Job Search Update: Aptitude Tests


Never before my job search did I think I would get a test as part of the application and interview process for jobs. But as of today, I have had to take two aptitude tests in the interview process (for different companies). This is one thing that I had never expected, but I’ve been able to adapt to it through a combination of research and the luck of already having studied for the GRE, since the questions tend to be similar.

So here’s what goes on during the aptitude test, for anyone who hasn’t had one. Basically it’s a multi-part test made up of timed knowledge (aptitude) questions, and untimed personality questions. According to Wikijob (don’t judge my sources, I’m not writing a paper!) employers use aptitude tests as “means of testing a job candidates’ aptitudes to perform specific tasks and react to a range of different situations given” (Wikijob, “Aptitude Tests“).

Another good source for job seekers to look at is MindTools site on Aptitude Tests. This site seems to cater to explaining aptitude tests to employers, which is good for those in our position to understand. If we know why we’re being tested and what the employer is looking for, we can perform better on the test. Find this article here.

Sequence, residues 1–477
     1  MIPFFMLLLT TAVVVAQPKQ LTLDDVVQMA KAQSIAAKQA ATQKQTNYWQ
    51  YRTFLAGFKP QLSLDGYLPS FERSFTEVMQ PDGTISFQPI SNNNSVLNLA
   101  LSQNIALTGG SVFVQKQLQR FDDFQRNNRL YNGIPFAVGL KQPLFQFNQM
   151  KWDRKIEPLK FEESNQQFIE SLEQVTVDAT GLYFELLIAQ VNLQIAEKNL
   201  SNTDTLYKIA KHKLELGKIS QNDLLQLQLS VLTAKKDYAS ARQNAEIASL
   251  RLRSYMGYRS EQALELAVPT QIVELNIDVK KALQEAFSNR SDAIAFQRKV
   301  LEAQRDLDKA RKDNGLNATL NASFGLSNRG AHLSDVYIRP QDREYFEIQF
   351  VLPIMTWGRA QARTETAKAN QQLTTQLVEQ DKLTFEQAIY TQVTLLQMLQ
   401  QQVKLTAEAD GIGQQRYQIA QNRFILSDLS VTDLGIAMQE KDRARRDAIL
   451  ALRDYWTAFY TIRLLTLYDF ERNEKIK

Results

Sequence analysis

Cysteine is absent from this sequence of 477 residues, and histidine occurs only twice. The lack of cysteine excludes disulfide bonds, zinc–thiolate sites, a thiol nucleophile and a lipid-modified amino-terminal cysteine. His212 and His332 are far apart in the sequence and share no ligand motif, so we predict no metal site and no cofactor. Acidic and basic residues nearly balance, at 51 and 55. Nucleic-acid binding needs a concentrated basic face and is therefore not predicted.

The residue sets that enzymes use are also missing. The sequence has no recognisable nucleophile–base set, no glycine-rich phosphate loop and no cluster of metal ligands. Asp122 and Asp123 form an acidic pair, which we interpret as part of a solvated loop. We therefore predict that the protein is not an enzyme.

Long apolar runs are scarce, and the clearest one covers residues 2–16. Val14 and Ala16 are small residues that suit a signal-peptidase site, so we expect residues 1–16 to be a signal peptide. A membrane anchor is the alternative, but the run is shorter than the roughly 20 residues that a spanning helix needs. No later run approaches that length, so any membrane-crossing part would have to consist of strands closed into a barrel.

In addition, a simple google search will help you find practice questions for aptitude tests. Honestly, though, if you were able to pass high school math and can think through word problems and identify patterns, you should be fine. The most recent test I took this afternoon also consisted of vocabulary questions, which were the exact same format as GRE vocabulary questions. If you happen to have already studied for the GRE, you’re fine. If not, here is a good website for practice questions.

Depending on the job you’re applying for, the questions may be more difficult or more specific to the position, so my best advice is to know your field and know what you’re applying for. The test isn’t like your freshman chemistry exams where they try to fail almost everyone, it’s just for the interviewer to get a better idea of your abilities. So don’t worry, stay calm, and stay Vulcan (…I mean logical. My geek is showing!).


  1. “Aptitude Testing.” – Team Management Training from N.p., n.d. Web. 28 Jan. 2014.
  2. “Free Practice Aptitude Tests | Free Aptitude Test Examples.” Free Practice Aptitude Tests | Free Aptitude Test Examples. N.p., n.d. Web. 28 Jan. 2014.'”
  3. “Aptitude Tests.” WikiJob. N.p., n.d. Web. 28 Jan. 2014.

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